How many times have you been told that an acting career is all about networking? I’m guessing about a million and one, right? Well, there’s definitely a lot of truth to that statement, and you’d be a fool not to take it seriously.
If you want to be successful, working on your craft should be your number one concern, but let’s face it: Talent is not enough. That’s why you have to know how to network.
But what exactly does “networking” mean? Some actors believe it’s about going to the right parties so they can meet the right people. Others think it’s all about kissing the right asses. Those are both valuable skills, but sorry, they have nothing to do with real networking.
Simply put, networking is creating relationships with industry professionals who might be able to help you in a direct or indirect manner.
Let’s put that definition into a real-life scenario. Imagine you’re at a party. You meet an agent or a casting director or any other industry professional. What do you do? What don’t you do? The correct answer involves three basic steps:
1. Don’t ask for anything!
When I meet an actor at a party, that actor will usually ask me about representation inside of five minutes. It’s such a rude thing to do, especially in a social setting, but it happens all the time.
The key to creating a relationship with an industry professional is to never, ever ask for anything right off the bat. That type of behavior will alienate us. It makes more sense to forge a connection over an extended period of time.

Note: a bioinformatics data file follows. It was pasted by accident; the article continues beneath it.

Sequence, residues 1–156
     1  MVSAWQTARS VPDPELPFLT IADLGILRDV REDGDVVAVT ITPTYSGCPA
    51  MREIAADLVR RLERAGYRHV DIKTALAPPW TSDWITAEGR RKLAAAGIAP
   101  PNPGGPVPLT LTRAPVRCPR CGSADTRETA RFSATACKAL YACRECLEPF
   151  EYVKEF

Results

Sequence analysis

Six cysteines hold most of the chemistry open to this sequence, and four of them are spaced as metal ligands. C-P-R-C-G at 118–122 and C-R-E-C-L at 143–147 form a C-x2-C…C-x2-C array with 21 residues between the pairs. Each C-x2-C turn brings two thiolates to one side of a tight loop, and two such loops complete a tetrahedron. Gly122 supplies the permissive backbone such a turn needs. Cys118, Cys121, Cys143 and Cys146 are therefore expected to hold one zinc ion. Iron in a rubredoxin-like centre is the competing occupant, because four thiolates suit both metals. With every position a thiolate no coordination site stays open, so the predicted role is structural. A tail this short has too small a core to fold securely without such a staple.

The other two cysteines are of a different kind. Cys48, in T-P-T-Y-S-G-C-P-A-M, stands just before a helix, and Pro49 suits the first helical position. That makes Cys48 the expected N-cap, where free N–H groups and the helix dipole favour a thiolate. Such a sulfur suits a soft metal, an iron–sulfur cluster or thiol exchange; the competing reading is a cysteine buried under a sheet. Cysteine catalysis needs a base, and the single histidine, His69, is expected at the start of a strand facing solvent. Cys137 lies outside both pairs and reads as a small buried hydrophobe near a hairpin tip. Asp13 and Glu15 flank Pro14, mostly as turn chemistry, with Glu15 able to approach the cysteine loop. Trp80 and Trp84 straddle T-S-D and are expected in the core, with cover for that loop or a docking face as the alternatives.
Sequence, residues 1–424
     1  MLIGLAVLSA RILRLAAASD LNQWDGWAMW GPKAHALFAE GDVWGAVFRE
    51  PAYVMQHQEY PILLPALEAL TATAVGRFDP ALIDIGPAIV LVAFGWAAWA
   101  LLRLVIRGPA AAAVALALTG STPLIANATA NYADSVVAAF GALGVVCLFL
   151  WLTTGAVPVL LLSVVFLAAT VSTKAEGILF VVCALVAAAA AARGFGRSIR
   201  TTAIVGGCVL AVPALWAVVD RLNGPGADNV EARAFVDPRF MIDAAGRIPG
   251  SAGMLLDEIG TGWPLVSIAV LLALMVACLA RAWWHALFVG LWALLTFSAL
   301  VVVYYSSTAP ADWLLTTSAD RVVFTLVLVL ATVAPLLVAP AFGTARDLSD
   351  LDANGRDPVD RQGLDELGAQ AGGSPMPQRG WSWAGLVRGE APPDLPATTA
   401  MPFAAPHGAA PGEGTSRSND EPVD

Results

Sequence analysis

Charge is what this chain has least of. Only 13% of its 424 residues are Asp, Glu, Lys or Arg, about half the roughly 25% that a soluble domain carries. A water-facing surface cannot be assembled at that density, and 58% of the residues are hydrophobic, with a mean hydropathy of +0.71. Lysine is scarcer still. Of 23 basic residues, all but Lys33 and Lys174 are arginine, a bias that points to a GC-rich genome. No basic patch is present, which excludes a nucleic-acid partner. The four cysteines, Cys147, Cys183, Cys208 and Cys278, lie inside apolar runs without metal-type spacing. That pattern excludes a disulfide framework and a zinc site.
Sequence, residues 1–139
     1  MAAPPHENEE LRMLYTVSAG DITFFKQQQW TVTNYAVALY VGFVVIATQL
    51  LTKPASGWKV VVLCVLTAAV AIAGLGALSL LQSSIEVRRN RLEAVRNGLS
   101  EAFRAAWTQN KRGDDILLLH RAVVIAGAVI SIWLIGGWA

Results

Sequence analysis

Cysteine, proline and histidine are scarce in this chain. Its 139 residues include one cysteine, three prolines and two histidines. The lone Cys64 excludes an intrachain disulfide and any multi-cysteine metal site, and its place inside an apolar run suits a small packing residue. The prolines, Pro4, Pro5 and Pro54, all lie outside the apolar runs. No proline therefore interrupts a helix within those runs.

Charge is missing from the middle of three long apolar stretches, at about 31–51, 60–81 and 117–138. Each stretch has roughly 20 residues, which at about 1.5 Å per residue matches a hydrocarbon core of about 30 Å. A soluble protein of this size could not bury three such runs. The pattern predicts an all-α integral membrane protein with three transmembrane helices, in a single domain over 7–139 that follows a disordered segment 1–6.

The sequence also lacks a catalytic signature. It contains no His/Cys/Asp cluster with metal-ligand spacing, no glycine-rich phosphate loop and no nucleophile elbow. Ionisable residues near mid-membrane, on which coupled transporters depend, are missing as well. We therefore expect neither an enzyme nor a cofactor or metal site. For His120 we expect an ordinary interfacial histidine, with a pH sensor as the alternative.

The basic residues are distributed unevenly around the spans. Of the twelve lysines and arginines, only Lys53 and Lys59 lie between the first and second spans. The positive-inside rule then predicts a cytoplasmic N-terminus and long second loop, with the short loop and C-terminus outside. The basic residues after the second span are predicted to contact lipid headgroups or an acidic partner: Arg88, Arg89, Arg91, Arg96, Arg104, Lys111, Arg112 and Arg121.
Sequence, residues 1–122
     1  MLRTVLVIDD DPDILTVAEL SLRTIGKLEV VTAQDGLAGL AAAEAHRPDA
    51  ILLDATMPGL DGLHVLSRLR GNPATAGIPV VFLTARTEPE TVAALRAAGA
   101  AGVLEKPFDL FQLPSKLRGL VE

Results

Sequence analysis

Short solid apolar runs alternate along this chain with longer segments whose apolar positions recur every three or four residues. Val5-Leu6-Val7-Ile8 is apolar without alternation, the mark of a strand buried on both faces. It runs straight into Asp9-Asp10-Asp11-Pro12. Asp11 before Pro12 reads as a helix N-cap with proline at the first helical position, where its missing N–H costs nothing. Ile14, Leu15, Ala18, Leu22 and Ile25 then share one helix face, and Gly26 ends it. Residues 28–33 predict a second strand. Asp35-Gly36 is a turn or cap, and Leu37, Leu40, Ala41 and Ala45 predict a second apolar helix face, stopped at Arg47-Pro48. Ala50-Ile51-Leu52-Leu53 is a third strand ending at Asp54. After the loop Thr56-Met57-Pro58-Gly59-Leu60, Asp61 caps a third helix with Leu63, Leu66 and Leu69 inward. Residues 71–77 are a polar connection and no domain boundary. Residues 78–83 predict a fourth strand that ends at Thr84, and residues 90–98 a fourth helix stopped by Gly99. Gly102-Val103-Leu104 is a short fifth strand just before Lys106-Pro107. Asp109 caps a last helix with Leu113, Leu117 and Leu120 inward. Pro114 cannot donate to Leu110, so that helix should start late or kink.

2. Find common ground
I’m not suggesting you lower your eyes and walk away if you meet me at a screening or a strip club. It’s perfectly fine to start a conversation, but that conversation shouldn’t be about your career. Instead, consider having a normal back-and-forth that gives me a chance to get to know you.
And yes, it’s perfectly fine to admit you’re an actor, but that’s not the common ground you’re looking for. You want to discover a link between us that doesn’t have anything to do with acting. This can be anything. Maybe it’s a shared interest. I’ve had actors bond with me over something as simple as a favorite restaurant.
3. Stay in touch
The next step is using that common ground to stay in touch. Doing this might not lead to representation but you’ll have a genuine connection with someone in a position to give you reliable advice and information. That alone is valuable in a business where actors are surrounded by ignorance and lies.
Now let’s revisit my definition of networking:
Networking is creating relationships with industry professionals who might be able to help you in a direct or indirect manner.
The word “might” is a crucial part of that sentence. Not all relationships have a payoff. So don’t spiral into a suicidal depression if I don’t return your e-mail after we bonded at a party.
And finally, you need to realize that networking can help you in both direct and indirect ways. For example, let’s say you created a relationship with that casting director you met after your Pilates class. Assuming it goes further, there are two possible outcomes. The casting director might bring you in for an audition. That would be direct help. The casting director might also get you a meeting with one of her agent friends. That’s indirect help. And they’re both equally valuable.
In a perfect world, every actor would be judged on talent and nothing else. But the business doesn’t work that way. That’s why the ability to network should be right up there with your ability to create a character.